County officials confirmed Friday that they’ve identified the year’s first instance of West Nile virus after a Cooper’s hawk tested positive.
Officials with the county’s Vector Control Program only found small amounts of the virus in the hawk’s tissues, leading them to believe it was an old infection. Last year, only one county resident contracted West Nile virus and ultimately survived, but the virus has spread to as many as 44 residents as recently as 2015. Six people died due to the virus that year.
The virus is usually carried by birds, but mosquitoes can transmit it to other animals, including humans, by biting them. Symptoms of West Nile can include headache, fever, nausea, skin rash or swollen glands, according to Vector Control officials. Native and invasive mosquito species can also carry viruses like dengue and Zika.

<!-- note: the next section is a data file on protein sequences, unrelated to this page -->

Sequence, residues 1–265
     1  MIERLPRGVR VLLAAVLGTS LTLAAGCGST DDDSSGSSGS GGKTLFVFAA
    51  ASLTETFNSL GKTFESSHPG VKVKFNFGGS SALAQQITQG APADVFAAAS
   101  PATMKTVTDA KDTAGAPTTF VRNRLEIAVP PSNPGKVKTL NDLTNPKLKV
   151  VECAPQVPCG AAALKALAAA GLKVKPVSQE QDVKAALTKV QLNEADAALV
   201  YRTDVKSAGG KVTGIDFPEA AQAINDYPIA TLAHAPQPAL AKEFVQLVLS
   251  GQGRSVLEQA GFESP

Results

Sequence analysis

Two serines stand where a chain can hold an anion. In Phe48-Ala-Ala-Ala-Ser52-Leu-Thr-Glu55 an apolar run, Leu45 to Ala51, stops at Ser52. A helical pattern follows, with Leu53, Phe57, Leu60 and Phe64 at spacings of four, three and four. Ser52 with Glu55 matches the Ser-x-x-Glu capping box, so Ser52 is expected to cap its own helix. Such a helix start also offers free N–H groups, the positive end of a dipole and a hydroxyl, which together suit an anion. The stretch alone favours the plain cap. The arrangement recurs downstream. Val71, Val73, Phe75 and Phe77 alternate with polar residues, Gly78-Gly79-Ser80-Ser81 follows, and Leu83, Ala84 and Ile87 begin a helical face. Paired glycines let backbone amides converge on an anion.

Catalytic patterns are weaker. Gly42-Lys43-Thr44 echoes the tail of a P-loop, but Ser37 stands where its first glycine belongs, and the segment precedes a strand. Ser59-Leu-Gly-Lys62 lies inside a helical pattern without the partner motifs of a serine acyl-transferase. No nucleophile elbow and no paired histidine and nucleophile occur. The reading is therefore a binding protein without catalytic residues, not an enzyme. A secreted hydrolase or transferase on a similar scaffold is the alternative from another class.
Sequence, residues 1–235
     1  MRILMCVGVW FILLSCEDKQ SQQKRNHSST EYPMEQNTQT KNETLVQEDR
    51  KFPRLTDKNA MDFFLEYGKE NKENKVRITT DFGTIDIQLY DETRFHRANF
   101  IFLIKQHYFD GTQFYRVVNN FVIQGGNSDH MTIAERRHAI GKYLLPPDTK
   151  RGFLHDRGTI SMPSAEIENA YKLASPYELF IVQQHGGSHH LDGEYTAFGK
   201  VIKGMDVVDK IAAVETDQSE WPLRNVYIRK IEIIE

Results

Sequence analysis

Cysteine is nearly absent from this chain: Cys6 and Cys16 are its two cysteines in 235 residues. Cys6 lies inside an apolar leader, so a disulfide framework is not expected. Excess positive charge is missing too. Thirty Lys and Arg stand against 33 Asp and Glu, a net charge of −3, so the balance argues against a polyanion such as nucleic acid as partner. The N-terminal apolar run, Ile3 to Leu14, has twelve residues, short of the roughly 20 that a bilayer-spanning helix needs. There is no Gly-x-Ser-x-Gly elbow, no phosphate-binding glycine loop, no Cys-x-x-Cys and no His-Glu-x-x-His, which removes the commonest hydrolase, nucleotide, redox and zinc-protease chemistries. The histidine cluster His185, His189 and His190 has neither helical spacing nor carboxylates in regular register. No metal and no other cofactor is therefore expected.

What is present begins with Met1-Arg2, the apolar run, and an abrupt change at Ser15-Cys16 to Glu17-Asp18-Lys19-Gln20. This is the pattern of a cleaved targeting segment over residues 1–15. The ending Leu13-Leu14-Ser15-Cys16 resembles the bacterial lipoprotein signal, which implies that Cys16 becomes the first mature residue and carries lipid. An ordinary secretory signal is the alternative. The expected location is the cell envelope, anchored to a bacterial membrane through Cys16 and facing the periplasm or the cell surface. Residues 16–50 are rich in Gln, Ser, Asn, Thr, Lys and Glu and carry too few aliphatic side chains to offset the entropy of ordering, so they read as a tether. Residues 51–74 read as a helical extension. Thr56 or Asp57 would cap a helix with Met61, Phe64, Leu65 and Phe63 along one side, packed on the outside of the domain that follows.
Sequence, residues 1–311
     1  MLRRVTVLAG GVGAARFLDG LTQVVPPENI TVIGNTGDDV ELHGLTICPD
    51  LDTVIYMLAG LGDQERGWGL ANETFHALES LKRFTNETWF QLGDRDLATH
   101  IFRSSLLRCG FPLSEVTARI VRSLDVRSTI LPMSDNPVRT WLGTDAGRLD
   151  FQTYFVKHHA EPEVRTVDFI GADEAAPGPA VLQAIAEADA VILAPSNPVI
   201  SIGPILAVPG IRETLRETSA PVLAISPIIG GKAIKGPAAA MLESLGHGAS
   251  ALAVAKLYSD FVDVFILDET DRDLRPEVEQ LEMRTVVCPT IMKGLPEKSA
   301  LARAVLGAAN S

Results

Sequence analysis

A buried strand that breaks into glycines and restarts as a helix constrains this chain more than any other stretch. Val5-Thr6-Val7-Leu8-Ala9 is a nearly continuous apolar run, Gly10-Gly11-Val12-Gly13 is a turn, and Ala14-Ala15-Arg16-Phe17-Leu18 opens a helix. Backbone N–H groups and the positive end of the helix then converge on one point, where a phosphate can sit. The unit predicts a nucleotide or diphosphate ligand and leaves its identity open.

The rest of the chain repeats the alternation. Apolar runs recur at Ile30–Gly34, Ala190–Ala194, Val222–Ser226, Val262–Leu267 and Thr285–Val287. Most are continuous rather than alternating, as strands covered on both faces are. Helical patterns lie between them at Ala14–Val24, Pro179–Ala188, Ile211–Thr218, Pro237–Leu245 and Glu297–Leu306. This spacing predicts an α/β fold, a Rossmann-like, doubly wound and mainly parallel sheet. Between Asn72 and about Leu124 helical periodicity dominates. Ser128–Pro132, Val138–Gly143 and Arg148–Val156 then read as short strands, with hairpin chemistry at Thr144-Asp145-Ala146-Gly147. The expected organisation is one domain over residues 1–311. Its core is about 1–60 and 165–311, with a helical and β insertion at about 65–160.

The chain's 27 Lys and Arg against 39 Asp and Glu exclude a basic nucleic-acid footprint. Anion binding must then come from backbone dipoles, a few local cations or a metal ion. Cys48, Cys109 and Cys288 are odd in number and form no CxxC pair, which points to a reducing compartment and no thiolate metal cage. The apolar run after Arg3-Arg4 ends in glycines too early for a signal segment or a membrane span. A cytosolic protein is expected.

Vector Control officials advised residents to combat local mosquito populations by emptying household items like buckets and plant saucers that may hold standing water. When outside, residents are advised to wear insect repellent that contains ingredients like picaridin or oil of lemon eucalyptus.
Residents can also obtain mosquitofish from the county for free to control larvae and breeding in items like swimming pools and bird baths that may contain standing water.
The county also encouraged residents to report local mosquito activity, dead birds and possible breeding areas to the Vector Control Program, which can be reached at (858) 694-2888. Residents can learn more about the county’s efforts to counter local mosquito activity at its Fight the Bite webpage, sandiegocounty.gov/content/sdc/fightthebite.html.
–City News Service
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